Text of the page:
This is one area where I could clearly see the problem, more than any other. Dating should be a shared agreement, in my opinion, of what to do and how to do it. So mostly, my lack of boundaries has resulted in a pure lack of dating, since I won’t do it for fear of falling into my old habits.
I’ve had some tough friendships. And the funny thing is, the other person would probably be surprised to hear that. I don’t speak up. I don’t feel I have the right, or, more often, I don’t want to rock the boat.
I’ve had work friends several times, and usually they were fine. A couple situations though always happened. I’d have a friend who would always come to me for a chat, me being such a good listener. They would interrupt my free time, or my work time, if possible, and talk about this and that. And I would let them. Are you free? Yeah, sure, what’s up? I just need to vent. Okay, what happened?
Never mind that I’m not in any mood to deal with another person’s problems. Never mind that I never feel I can come to you. Never mind that you blew into my room like a summer storm in my peaceful afternoon…
I needed boundaries.
Fortunately, or unfortunately, my family has often borne the brunt of my boundaries. I’m comfortable there enough to say no, most of the time. They see me as pretty judgmental and decisive, even stubborn, because all of my no’s I don’t say to other people I tend to say to them, and loudly. It’s an unhealthy balance.
In the book, boundaries are envisioned like fences. Not walls, to keep everything out and everything in, but fences, with gates. Gates to let out the good and the bad. Some people keep all the good in and let all the bad out, some vice versa. I was always vice versa. Keep the bad in, where it can’t hurt others, and let the good out, to give of myself. Except with family, where the gate then swung the other way.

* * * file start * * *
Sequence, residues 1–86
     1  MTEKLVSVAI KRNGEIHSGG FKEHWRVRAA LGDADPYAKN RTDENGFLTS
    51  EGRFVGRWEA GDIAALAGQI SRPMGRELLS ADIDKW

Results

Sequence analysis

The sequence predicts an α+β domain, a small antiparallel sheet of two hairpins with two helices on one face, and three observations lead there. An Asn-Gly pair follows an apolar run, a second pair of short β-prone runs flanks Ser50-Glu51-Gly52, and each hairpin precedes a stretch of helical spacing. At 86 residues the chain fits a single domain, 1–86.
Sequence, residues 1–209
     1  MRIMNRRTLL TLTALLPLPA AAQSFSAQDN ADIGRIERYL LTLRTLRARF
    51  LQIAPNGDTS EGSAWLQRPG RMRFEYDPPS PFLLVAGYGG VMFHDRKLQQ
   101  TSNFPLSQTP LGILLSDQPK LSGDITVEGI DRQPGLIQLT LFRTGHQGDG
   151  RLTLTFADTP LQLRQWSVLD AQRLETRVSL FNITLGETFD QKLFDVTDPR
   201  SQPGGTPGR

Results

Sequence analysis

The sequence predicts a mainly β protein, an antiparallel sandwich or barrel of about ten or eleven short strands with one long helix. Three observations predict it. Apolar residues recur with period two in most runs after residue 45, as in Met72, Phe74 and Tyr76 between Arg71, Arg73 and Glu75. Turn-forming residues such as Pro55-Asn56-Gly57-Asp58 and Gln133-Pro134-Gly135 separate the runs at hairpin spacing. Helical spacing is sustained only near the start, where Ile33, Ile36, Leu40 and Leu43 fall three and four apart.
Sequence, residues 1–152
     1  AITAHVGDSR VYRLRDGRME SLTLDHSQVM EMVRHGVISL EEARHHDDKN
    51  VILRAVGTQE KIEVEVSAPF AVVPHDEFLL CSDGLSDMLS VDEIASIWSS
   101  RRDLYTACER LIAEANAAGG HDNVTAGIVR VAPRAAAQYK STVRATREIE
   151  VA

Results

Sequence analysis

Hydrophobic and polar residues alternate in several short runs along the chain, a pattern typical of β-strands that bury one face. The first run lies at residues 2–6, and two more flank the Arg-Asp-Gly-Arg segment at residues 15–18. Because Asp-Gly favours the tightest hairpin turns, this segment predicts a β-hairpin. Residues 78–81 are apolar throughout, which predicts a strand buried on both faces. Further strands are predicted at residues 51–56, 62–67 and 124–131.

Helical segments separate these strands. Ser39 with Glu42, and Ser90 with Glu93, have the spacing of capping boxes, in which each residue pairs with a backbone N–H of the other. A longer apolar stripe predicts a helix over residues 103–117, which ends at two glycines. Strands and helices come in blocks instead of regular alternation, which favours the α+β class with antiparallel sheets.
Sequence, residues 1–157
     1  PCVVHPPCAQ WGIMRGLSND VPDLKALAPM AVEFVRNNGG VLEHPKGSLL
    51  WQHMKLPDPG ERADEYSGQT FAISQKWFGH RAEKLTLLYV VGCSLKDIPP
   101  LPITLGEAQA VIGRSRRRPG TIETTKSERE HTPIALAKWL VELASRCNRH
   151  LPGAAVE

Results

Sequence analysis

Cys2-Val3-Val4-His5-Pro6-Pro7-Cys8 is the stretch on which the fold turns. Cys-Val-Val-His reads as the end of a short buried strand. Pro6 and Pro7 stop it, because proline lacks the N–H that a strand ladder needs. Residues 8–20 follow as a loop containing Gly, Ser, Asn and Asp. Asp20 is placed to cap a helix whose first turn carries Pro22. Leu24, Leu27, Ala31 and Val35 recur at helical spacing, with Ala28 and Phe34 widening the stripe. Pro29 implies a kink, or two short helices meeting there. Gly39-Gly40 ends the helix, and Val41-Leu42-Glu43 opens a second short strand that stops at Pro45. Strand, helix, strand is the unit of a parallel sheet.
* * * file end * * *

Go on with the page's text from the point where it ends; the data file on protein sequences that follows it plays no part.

I’ve never been good at meeting my own expectations. I can meet other’s fairly easily if I’m not in a rebellion phase.
But I could never stick with a self-regulated habit, for the most part. I’m getting better, as I grow to understand myself more. I’ve kept up my new habits well. I’ve written every day for the past few months because I like to make that checkbox go away. In fact, Habitica, the fun online to-do list website I use, is a helpful external accountability partner, but setting boundaries with myself is still hard.
Especially when it’s to stop doing something. Stop eating sugar. Oh boy, good luck, me. Stop letting people walk all over me. Yeah, okay. Right.
Well, this whole recovery journey is about setting good boundaries, so I know I’m not there yet.
Lack of self-control and boundaries has been a major cause for anxiety, I’m convinced. The stress from my job was a direct result of me not saying no when needed and not being clear about what was hurting me or causing me too much anxiety. Always saying yes led to resentment as well, which only added to the mix.
All of my relationships have an element of anxiety for me, because I always assume responsibility for how the other person feels, and don’t want to rock the boat by making my needs known.
And with myself, living against what I want for myself naturally creates internal tension, which has manifested physically. I don’t practice my faith the way I want, I don’t dress the way I want, I don’t speak the way I want…it all creates tension.
I’m hoping by finding out the root of the issue I can start to build these boundaries I need and heal from the inside out. I don’t want to take medication forever. And I don’t believe I’ll have to. The authors of the book are psychologists, and they use boundaries in their work with patients. I’m hopeful that with therapy and with the knowledge of needed boundaries, I’ll be able to better my relationship with anxiety.
It’ll be tough, but it’ll be worth it.
#buildaladder with boundaries.